Prof. Young's discussion of Helium, its Identification and Properties, is, of course, luminous and informing in the highest degree. Nothing can be more pleasing than to note the manner in which an unexpected discovery, full of momentous consequences for the work with which he is identified, is received, assimilated, and irradiated by the mind of a leader in science.
Among the new matters treated, one of the most interesting, because it relates to hoped-for advances in the future, is the effort to render the corona visible when the sun is not eclipsed. It is certainly encouraging to know that to Prof. Young "the case appears by no means absolutely hopeless." When we remember the advance in our knowledge of the prominences following Janssen's and Lockyer's discovery in 1868, that those phenomena could be rendered visible with the spectroscope in ordinary daylight, and consider the ignorance that probably would have prevailed concerning them if they had remained unseen except during-eclipses, we can echo our author's opinion that success in revealing the mysterious corona in a similar manner "is certainly devoutly to be desired."
Prof. Young has so long been a conspicuous and brilliant figure in the field of spectroscopic investigation that one naturally turns to his revised chapter on The Spectroscope and the Solar Spectrum with pleasing anticipations which are not disappointed. The results of the immense work accomplished in the last decade are here ranged in order with an expert hand, and the remaining gaps in the line of acquired knowledge are made clearly apparent. The list of elements known to exist in the sun has been largely extended in the past few years, but still many that go to constitute a great portion of the crust of the earth have not been recognized in the solar spectrum. Why are they absent? Is it simply a failure to show themselves, or do they not exist there at all? Prof. Young indicates his preference for the view that the missing elements are not really absent from the sun. but only nonapparent, although he points out that the answer to the question is not easy. And then he goes on to marshal some most interesting facts and considerations relative to this subject, and discusses briefly but luminously such topics as the multiple spectra of certain elements, Lockyer's revival of the old "pantogen" speculation and his theory of "basic lines" common to the spectra of different substances, the later work on the question of solar oxygen, etc.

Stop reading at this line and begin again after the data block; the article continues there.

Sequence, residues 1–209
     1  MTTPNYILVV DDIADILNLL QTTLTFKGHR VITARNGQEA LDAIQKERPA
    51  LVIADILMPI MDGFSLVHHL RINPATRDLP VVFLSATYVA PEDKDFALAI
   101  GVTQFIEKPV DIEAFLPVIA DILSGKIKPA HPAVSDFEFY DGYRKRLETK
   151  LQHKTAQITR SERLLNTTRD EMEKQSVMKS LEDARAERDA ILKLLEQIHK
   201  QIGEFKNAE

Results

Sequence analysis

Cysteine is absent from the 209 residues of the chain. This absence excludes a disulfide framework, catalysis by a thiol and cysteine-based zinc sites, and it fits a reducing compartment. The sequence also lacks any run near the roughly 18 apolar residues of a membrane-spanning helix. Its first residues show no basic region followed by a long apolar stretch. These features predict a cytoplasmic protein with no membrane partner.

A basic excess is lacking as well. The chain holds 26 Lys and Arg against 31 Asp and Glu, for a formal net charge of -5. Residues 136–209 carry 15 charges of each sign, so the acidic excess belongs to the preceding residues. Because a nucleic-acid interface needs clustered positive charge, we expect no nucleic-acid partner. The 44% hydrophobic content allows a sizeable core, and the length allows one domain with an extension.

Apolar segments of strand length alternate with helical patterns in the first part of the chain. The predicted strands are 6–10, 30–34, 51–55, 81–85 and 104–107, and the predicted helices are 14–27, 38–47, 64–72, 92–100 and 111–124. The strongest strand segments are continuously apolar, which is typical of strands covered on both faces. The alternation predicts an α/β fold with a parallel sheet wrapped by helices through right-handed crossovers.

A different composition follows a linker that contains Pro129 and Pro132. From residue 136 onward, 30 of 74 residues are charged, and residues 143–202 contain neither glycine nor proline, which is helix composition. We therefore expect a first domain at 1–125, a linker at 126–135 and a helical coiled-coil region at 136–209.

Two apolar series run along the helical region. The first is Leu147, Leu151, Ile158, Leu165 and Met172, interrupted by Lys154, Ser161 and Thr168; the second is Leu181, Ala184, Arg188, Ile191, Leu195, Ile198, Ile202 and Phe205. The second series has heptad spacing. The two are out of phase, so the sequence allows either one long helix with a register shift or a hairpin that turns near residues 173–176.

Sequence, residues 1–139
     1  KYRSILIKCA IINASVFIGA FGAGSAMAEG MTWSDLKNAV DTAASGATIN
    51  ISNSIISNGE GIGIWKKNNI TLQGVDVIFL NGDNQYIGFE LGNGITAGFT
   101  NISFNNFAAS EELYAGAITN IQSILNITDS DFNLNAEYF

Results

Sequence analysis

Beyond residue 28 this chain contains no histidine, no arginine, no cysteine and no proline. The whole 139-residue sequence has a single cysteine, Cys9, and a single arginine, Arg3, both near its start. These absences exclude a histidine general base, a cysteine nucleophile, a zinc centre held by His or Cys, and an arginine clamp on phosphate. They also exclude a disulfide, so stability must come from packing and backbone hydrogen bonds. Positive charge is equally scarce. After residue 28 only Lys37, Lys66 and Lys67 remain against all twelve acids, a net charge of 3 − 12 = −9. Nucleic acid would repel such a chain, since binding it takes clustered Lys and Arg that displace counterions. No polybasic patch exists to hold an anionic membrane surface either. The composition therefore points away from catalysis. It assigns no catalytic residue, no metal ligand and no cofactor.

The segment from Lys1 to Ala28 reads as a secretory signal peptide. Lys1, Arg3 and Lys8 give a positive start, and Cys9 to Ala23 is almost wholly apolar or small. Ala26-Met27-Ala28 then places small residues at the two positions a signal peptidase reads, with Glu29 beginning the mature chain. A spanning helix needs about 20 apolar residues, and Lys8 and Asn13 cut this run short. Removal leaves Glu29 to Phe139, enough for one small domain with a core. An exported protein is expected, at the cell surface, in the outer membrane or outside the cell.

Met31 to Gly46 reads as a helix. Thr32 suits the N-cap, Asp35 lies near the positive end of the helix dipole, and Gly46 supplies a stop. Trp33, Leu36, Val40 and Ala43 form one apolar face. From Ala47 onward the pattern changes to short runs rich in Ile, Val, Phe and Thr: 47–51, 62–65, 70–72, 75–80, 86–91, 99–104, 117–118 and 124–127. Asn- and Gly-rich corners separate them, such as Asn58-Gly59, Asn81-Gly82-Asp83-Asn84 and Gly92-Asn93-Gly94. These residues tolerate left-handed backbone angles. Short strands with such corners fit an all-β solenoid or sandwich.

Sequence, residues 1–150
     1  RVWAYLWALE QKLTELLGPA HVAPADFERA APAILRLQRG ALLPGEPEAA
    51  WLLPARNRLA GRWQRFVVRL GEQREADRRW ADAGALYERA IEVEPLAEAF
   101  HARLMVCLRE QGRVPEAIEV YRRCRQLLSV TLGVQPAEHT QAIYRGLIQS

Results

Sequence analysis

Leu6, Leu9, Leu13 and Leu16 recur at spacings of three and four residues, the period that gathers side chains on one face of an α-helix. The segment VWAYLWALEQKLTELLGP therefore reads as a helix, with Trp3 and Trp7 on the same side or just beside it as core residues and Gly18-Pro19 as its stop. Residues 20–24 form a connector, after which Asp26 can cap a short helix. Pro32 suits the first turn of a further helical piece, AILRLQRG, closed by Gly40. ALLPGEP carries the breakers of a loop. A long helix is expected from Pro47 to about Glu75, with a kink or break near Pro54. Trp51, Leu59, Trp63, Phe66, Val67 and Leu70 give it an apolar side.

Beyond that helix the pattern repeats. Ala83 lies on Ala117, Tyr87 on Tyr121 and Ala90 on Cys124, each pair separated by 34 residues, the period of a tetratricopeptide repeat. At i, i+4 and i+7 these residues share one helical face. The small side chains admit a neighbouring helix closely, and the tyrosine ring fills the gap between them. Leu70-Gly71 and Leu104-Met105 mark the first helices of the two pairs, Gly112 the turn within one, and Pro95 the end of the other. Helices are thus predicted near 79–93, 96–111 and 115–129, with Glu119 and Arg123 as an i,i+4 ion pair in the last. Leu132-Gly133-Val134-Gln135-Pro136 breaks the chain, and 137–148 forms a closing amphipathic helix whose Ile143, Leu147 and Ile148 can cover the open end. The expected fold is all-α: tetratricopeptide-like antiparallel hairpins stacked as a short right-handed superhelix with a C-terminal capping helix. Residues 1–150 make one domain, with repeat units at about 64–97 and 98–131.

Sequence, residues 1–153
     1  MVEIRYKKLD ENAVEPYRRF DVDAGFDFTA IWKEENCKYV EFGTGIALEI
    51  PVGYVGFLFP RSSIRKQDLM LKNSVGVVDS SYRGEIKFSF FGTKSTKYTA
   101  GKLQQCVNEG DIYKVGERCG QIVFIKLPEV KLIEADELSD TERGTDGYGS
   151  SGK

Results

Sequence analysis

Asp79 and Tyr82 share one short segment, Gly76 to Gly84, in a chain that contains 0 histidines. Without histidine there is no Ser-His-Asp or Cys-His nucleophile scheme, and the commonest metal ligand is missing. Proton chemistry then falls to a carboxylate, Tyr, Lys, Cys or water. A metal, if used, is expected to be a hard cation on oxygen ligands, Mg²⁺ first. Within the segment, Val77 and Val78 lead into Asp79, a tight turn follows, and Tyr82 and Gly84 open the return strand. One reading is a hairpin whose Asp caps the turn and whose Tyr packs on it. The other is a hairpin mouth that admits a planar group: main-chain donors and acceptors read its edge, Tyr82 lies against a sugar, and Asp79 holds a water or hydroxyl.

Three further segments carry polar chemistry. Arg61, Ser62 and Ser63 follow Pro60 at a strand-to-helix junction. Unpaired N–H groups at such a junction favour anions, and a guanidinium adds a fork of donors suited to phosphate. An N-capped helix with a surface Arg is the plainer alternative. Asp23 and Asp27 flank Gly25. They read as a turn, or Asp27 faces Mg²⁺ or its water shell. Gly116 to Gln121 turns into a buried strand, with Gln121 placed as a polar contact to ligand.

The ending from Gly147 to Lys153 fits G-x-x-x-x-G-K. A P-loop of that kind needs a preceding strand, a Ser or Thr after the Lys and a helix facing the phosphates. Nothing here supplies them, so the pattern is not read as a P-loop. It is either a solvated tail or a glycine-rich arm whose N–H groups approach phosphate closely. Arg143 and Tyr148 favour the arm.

While this book is a record of facts and achievements rather than of theories and attempts at the interpretation of mysteries, yet the great questions still remaining to be answered are, of course, discussed, and in a masterly manner. A fine instance of the author's method of dealing with such subjects is shown in the chapter on The Sun's Light and Heat, where he succinctly reviews questions like these: "How is the sun's heat maintained?" "How long has it lasted already?" "How long will it continue?" "Are there any signs of either increase or diminution?" It is undoubtedly true, as Prof. Young remarks, that to such questions, "in the present state of science, only somewhat vague and unsatisfactory replies are possible," yet they are questions the replies to which, however incomplete, will always command deep interest. And if the facts and speculations accumulated since 1881 have not thrown much light upon these subjects, something has been gained in a clearer comprehension of both the strength and the weakness of prevailing theories. Those are pregnant sentences, for instance, in which, after pointing out the objections to the late Dr. Siemens's theory of the sun, he remarks: "And yet one almost regrets that the theory can not be accepted, for it would remove very serious difficulties that now embarrass the problem of the evolution of our planetary system. The accepted contraction theory of Helmholtz certainly appears to allow too little time for the sun's lifetime of radiant activity to be consistent with a reasonable explanation of the process by which the present state of things has come about."